After a decades-long legal battle, the Supreme Court will rule on a centuries-old religious dispute that has strained relationship between communities, divided political parties and sparked deadly riots.
The Supreme Court in August decided to hear arguments every day in an effort to finally resolve the dispute over who should control the disputed land upon which lie the ruins of the 16th-century Babri Mosque, destroyed by a mob of so-called kar sevaks in 1992.
Chief Justice Ranjan Gogoi will be leading a five-judge bench — Justices SA Bobde, DY Chandrachud, Ashok Bhushan and S Abdul Nazeer are the other judges— that will hand down the final verdict in a court battle involving three groups: the Sunni Waqf Board, a Muslim group, and two Hindu groups, the Nirmohi Akhara and Ram Lalla.
Though the case harks back to several decades, the daily hearings on appeals filed against the three-way division of the disputed site by the Allahabad High Court began in 2010. A five-judge Constitutional bench headed by Chief Justice of India Ranjan Gogoi, and will deliver the judgement at 10.30 am today.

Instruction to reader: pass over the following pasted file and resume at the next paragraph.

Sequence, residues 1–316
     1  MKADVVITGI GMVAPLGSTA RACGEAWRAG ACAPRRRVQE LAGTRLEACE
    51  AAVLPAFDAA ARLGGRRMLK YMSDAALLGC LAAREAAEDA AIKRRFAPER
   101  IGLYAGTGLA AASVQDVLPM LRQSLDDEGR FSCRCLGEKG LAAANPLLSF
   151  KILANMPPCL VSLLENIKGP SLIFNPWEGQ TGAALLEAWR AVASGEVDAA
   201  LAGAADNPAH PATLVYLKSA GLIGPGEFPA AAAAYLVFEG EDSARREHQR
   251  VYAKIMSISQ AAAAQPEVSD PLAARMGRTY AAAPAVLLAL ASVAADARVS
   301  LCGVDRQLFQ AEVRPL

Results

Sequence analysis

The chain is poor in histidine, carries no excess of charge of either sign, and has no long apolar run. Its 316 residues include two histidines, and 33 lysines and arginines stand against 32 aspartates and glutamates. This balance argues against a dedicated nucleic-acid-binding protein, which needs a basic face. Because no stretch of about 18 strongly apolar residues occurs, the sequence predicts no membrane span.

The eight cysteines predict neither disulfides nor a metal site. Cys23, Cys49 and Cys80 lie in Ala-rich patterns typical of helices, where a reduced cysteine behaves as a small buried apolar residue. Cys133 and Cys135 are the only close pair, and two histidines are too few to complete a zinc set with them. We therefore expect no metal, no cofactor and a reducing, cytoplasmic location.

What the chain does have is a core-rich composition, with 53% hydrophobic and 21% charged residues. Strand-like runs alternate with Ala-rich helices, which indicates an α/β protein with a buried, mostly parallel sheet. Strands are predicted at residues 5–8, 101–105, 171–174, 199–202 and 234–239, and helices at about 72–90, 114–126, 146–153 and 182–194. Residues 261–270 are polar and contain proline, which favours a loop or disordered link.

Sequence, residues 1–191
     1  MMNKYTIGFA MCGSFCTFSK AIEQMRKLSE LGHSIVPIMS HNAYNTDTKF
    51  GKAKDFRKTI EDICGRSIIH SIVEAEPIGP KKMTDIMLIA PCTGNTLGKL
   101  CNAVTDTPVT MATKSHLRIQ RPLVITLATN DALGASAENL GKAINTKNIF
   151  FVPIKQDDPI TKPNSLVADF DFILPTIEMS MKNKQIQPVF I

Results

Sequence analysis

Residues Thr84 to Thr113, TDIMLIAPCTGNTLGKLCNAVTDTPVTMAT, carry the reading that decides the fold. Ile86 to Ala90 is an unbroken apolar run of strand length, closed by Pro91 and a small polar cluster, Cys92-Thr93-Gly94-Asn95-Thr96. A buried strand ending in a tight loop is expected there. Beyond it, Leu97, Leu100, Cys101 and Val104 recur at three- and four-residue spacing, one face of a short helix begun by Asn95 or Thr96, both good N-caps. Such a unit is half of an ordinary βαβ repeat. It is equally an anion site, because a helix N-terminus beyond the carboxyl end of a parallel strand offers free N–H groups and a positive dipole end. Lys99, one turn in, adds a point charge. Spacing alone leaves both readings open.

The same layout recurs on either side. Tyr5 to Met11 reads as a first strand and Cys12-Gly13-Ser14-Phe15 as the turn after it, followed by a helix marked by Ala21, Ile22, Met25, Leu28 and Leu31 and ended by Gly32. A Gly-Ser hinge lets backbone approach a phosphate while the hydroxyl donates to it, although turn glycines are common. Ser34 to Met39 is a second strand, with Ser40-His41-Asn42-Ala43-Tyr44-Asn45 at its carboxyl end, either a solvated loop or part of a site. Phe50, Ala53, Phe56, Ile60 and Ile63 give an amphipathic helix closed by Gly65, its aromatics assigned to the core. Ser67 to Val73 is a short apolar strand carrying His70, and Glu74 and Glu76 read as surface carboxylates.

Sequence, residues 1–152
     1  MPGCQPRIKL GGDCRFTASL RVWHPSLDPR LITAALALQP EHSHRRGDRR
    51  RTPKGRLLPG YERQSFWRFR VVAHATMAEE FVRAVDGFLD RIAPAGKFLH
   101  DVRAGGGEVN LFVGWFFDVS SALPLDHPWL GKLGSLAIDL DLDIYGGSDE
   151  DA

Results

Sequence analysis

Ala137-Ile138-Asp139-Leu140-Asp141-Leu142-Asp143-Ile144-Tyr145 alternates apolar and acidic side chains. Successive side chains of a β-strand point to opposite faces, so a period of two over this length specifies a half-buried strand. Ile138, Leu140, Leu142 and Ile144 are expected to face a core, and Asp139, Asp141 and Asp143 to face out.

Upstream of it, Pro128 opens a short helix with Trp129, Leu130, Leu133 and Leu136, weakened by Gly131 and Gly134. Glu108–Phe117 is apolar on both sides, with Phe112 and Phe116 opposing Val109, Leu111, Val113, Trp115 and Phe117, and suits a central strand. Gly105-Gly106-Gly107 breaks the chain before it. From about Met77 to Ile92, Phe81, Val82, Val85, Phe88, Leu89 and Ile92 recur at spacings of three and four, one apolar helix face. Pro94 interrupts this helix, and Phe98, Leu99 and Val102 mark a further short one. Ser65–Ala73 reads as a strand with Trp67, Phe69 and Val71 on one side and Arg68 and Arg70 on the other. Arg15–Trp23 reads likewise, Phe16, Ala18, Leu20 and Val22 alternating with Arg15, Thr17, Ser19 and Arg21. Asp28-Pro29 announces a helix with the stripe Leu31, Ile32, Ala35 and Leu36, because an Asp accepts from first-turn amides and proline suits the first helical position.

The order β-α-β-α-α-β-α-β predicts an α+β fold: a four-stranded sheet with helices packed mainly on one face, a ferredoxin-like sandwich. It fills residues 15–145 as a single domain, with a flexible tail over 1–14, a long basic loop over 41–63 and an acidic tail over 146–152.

The Arguments In The Case
The Muslim parties, through the Sunni Waqf Board, argued that their possession of the land is evident from the fact that they received grants for maintenance of the mosque dating back to 1528.
Hindus say the mosque was built on a site that was already holy for Hindus. Lawyers representing Ram Lalla submitted archaeological evidence that they said proved the site has long held religious sanctity for Hindus.
Muslim groups say government officials connived with Hindu priests to secretly place an idol of an infant Lord Ram inside the mosque complex in 1949.
A Political Tinderbox
The Ayodhya dispute has long dominated political discourse in India. Millions of Hindus believe the razed mosque in Ayodhya was built at the birthplace of Lord Ram.
Hindus say the site is one of their most sacred places - as sacred as Mecca is for Muslims.
Muslims, on their part, say Islamic prayers have been offered at the site since 1528, when the Babri Mosque was first built during the rule of the Islamic Mughals.
Construction of a "grand temple" in Ayodhya has long been an election promise of the ruling Bharatiya Janata Party (BJP), which secured a second term with a landslide general election victory this year.
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